The Top Colleges to Find a Spouse
Almost one-third of married couples on Facebook were college sweethearts, according to a new study. And 15 percent of Facebook marrieds attended the same high school. The numbers come from Facebook's data science team, which analyzed anonymous data of U.S. couples over age 25 who classified themselves as "married" on Facebook. Couples who attended both the same high school and college were tallied as having met in high school.
"The count is a rough proxy for the chance of finding a spouse at the school,” said Facebook researcher Sofus Attila Macskassy. Though couples included in the study had to have attended high-school or college within four years of one another, there's no way to tell from the data whether they met/started dating while in school or after. The statistics also reflect primarily heterosexual married couples, Macskassy notes.
Interesting social patterns emerged from the data: Married couples who met in high school were more likely to come from rural than urban areas. Couples who met in college were more likely to come from small, conservative and religious colleges. More than half of Brigham Young University graduates on Facebook went "from classmates to soulmates," as Macskassy writes in a post about the research. Here are the rankings for which colleges were most likely to produce graduates with same-school spouses:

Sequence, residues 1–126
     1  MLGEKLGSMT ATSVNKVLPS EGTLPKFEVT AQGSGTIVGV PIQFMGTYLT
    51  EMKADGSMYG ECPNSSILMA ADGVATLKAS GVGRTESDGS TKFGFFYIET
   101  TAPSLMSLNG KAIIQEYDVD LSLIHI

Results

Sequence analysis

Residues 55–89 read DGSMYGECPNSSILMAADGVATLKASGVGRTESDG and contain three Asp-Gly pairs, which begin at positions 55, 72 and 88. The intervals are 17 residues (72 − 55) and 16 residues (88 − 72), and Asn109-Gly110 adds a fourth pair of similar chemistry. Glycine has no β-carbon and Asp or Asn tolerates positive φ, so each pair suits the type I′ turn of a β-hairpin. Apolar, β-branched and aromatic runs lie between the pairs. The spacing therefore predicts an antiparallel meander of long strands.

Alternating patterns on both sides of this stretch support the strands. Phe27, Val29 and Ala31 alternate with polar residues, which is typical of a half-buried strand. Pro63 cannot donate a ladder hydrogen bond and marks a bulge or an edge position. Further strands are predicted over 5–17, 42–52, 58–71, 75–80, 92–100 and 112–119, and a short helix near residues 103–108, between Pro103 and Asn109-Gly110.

"Top 25 Colleges Where Women Find Spouses"
"Top 25 Colleges Where Men Find Spouses"
The 12 colleges in green are those that made both lists.
For women, the majority of colleges in the top 25 have a religious affiliation and a relatively equal proportion of male and female students (though the top college, Rose-Hulman Institute of Technology, has a student body that's 88 percent male). At all top 25 schools, half to 70 percent of female graduates married someone from the same school. For men, most of the top 25 colleges also had even gender ratios. About half to 67 percent of male graduates married a fellow alumni.
This map shows high-schools across the U.S., with red signifying it's very likely to for classmates to marry in those areas and blue meaning it's less likely.
Images: Fotolia; Facebook-data-science